Kyndryl, the IT services business that IBM spun off in early November, has formed a global strategic partnership with Google Cloud to support their joint customers in the cloud.
The deal comes a month after Kyndryl struck a similar deal with Microsoft, encompassing Azure cloud hosting and support for products such as Office 365 and Teams, and a smaller partnership with VMware, as well as a certification agreement with SAP.
Kyndryl, a young company with a long history as IBM’s former managed infrastructure services business, inherited more than 4,000 customers worldwide and is looking to expand its share of those customers’ infrastructure management spend in a way that wasn’t possible as part of IBM.
“We couldn’t do it in IBM because we were focused on and committed to only the IBM cloud,” said Stephen Leonard, Kyndryl’s global alliances and partnerships leader.
Under IBM, cloud migration and management capabilities were tailored to IBM’s cloud. Now, said Leonard, “We’re going to take those management capabilities and make them available to clients who run workloads on the Google Cloud, or who wish to move workloads to the Google Cloud.”
That offer goes for any kind of workload, said Leonard, not just the IBM Power Systems servers accessible through Google Cloud Platform (GCP) on which enterprises can run AS/400 applications.
Key areas of focus for the deal with Google Cloud include helping customers integrate cloud-based AI and analytics into their digital transformations and moving their SAP workloads to the cloud.
Training up to benefit customers
Charles King, president and principal analyst of Pund-IT, sees the partnership as important for both Kyndryl and Google.
“It expands Kyndryl’s capabilities for supporting customers’ hybrid cloud needs and should deliver substantial benefits related to Google Cloud’s innovative work in advanced analytics and AI,” King said.
“The relationship should also aid Google Cloud’s increasing focus on developing and delivering enterprise-class cloud services and solutions. The plans for supporting SAP on Google Cloud, enterprise edge, and industry solutions for financial services are all areas where Google wants to build stronger positions.”
Kyndryl plans to get 5,000 of its 80,000 technical staff certified on GCP and will have about 1,000 certified by the end of 2021. That process started back in September, before the partnership was formed, Leonard said.
It’s a similar process to what Kyndryl is doing with its internal “Kyndryl University for Microsoft” training program, although more staff will likely become Microsoft certified because that program also encompasses Microsoft products such as Dynamics and Office365, not just the Azure cloud platform.
Building up those skills in a variety of clouds is key for Kyndryl, says Pund-IT’s King.
“Kyndryl’s focus on and capabilities in hybrid cloud are part of the DNA it inherited from IBM. Being a world-class player in this space isn’t so much about partnering with specific service providers as it is to be able to help customers address their hybrid cloud needs no matter what cloud platforms they employ,” he said. “Microsoft and Google Cloud both qualify as significant building blocks in that strategy.”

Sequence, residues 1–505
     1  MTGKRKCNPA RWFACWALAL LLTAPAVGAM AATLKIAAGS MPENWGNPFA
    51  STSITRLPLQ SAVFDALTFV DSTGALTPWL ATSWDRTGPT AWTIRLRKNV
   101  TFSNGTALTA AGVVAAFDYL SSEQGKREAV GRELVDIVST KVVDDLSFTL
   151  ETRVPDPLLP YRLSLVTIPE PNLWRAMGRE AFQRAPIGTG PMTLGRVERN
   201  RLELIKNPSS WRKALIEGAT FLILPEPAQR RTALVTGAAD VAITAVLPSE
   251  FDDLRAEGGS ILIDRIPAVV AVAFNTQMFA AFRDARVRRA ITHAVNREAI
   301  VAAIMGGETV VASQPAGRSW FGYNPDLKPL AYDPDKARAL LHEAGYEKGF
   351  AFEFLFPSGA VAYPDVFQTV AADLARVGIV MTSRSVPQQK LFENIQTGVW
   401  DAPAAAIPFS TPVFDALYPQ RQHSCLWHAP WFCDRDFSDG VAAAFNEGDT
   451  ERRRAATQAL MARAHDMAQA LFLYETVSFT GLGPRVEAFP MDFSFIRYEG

AWS on the horizon?
The most remarkable thing about Kyndryl’s strategic cloud infrastructure partnerships is that it hasn’t yet struck one with industry giant Amazon Web Services (AWS), which controlled 32 per cent of the cloud infrastructure services market in the third quarter, ahead of Microsoft Azure (21 per cent) and Google Cloud Platform (eight per cent).
AWS does feature on Kyndryl’s “alliances” webpage but doesn’t get prominent billing.
Leonard shed some light on that: “They all have similar but differing requirements. Our intention is to get to the highest level of certification with AWS,” he said, but “with AWS, we’re neither of us at each other’s highest level because we’re still working on what the investments are, and what are the areas where we’re going to work together.”
Securing a strategic deal with AWS is important for Kyndryl, though, because, “There are a tremendous number of mutual clients, and they’re in some of the spaces that we’re very interested in, VMware, mainframe modernisation, and so on,” Leonard said.
Pund-IT’s King sees the delay as nothing to be concerned about. “It takes time to hammer out details on deals like this, but I expect Kyndryl and AWS will find a way to work together as strategic allies.”
Kyndryl has also recently struck a partnership with VMware, itself a newly standalone company after its separation from Dell Technologies on November 1, and gained certification from SAP for global operation of SAP technologies, including HANA, S/4HANA, Business Suite, and SuccessFactors.
King sees potential for other deals ahead: “Kyndryl offers services for Oracle’s database and business applications so there may be opportunities to deepen the two companies’ collaborations. Pursuing strategic relationships with enterprise-focused vendors like Salesforce and ServiceNow could also make sense,” he said.